Year after year we have the same conversation about Saturday Night Live getting worse, wondering if it’s finally time to pull the plug on the long-running comedy launchpad. But, almost as regularly, we realize that some young, anonymous comedian we once couldn’t believe was awarded a featured role on the storied institution has tunneled themselves into our lives. We find ourselves getting nostalgic about Jason Sudeikis.
And though SNL is still producing new titans of entertainment (recently Kristen Wiig, Amy Poehler and Tina Fey), what has notably diminished is the SNL crossover vehicle, where a character from the show makes its way onto the large screen. The Lonely Island loosely falls in here, with the group’s raps typically getting their premiere on the TV broadcast.
But on the three-pronged rap group’s third album, The Wack Album, we find all the members no longer employed by the late-night show, with Jorma Taccone departing as a writer a year before fellow writer Akiva Schaffer and cast member (and Joanna Newsom-thief) Andy Samberg.
Still, the show debuted the first music video from The Wack Album, showing the project to be at least partly dependent on SNL for their continued exposure and success. More notably, just the necessity of accompanying visual complements to their songs might be saying more about the quality of the songs than before.
This is not always the case. “YOLO,” the Adam Levine and Kendrick Lamar-featuring parody on the very concept of “you only live once,” doesn’t lose its wink when removed from the over-the-top boy-band send-up, and likewise “Semicolon” doesn’t require the lyric video that The Lonely Island have offered, with the rhymes straightforward and clever enough for anyone to follow without a visual aid.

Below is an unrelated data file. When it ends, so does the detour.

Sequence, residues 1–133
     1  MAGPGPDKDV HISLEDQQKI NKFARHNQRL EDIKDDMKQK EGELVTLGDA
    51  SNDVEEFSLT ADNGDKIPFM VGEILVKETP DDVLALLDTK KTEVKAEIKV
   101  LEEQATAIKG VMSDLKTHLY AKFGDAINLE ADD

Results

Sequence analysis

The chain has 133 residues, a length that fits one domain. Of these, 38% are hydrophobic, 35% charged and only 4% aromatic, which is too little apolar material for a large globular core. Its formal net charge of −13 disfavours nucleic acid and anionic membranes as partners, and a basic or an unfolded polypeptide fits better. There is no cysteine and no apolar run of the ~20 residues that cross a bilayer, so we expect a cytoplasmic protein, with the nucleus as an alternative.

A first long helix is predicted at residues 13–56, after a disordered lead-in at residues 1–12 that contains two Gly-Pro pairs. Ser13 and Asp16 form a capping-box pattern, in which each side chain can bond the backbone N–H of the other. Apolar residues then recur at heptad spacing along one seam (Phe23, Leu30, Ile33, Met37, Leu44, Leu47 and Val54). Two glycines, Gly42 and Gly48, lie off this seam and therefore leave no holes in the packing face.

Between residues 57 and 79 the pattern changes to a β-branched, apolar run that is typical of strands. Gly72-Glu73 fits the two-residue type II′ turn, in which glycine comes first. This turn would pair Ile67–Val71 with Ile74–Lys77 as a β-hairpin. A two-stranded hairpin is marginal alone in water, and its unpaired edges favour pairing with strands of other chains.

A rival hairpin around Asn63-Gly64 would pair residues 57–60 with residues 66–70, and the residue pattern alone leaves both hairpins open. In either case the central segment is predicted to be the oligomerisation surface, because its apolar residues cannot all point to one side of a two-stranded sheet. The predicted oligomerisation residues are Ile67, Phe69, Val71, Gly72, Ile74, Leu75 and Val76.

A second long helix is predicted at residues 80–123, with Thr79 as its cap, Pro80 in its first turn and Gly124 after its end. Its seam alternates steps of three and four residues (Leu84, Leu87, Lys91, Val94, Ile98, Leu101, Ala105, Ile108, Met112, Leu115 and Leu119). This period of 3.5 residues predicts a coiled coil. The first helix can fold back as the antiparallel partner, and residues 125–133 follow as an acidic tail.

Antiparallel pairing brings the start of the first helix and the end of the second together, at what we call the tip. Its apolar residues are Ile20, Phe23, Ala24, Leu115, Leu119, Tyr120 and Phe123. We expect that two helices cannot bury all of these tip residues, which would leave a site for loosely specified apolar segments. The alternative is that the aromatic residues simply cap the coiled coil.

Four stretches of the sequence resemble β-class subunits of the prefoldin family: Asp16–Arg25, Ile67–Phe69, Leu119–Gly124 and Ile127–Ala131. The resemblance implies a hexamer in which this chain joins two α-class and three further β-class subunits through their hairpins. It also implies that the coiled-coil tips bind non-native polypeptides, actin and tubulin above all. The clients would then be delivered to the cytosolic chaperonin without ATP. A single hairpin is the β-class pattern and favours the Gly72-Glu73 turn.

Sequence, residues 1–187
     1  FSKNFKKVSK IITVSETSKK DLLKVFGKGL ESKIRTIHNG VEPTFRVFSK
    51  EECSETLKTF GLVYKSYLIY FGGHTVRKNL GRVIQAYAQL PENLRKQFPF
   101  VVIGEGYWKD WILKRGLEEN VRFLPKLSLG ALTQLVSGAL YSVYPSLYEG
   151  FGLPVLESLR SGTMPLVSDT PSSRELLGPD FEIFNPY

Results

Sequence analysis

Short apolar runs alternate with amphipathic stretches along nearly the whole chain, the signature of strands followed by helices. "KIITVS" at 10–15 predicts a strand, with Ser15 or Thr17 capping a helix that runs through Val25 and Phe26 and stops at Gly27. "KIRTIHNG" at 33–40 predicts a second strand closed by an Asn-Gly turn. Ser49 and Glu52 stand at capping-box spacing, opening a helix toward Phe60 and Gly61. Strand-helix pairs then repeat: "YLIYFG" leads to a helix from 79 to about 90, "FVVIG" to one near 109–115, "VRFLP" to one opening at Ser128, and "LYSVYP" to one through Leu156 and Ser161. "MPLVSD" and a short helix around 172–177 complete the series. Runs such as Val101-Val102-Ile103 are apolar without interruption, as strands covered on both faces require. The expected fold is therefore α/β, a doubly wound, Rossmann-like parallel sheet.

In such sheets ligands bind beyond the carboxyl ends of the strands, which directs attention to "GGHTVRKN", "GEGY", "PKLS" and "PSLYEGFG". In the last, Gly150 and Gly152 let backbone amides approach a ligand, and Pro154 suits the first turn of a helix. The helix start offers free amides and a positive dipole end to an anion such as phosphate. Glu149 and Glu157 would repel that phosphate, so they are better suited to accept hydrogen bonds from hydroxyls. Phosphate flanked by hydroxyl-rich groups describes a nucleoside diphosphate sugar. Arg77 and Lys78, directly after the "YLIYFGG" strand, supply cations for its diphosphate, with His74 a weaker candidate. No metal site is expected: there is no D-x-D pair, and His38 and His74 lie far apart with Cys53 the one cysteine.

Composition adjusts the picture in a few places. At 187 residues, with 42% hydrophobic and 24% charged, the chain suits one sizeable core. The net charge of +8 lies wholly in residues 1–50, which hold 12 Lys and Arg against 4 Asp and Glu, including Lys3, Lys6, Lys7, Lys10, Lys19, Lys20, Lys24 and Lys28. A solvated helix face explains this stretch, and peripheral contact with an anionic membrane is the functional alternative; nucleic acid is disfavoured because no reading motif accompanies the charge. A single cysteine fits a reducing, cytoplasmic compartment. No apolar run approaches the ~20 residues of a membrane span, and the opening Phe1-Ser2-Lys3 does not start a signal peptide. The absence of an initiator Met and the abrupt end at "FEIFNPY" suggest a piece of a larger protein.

However, “Spell It Out,” which is funny for about one-third of its very short runtime due to being a two-joke song, doesn’t work because by only listening you would never bother knowing what is actually spelled out. The video doesn’t make it much easier, but at least offers sight gags as support. Likewise, “Spring Break Anthem” also needs its great Between Two Ferns setting to really allow the listeners to invest.
The hit (“Perfect Saturday”) and miss (Billie Joe Armstong’s tragic hook on “I Run NY”) pattern plays out throughout The Wack Album. But, jokes aside, the reason The Lonely Island is reviewed in a critical manner is their history of replicating contemporary rap and pop trends with guile, creating material that sounds like what we expect of popular music—enjoyable even if it’s not making you laugh.
On album three, there are few moments that work to this same effect (“Yolo,“ “Semicolon,” the hilarious “Diaper Money”), but for the most part, it’s the dirty or profane that plays the best. “Go Kindergarden” might be the least coherent song The Lonely Island has crafted, but Robyn’s hook would have been wasted if not for blunt dick jokes. Too common are diversions like “We Are A Crowd,” “I’m A Hustler (Song?)” and “We Need Love”—all more Weird Al than Spinal Tap, or the LP equivalent of The Naked Gun 33 1/3. That flick was good for some laughs, but in no way holds up to the model it was fashioned after.
In defense of The Wack Album, and more importantly in defense of The Naked Gun 33 1/3, as long as there are 13-year-olds and weed and girls that crush on Andy Samberg and boys who think maybe Joanna Newsom will be a surprise guest, The Lonely Island will be a success and good for a few hearty laughs, which is worthwhile in most books.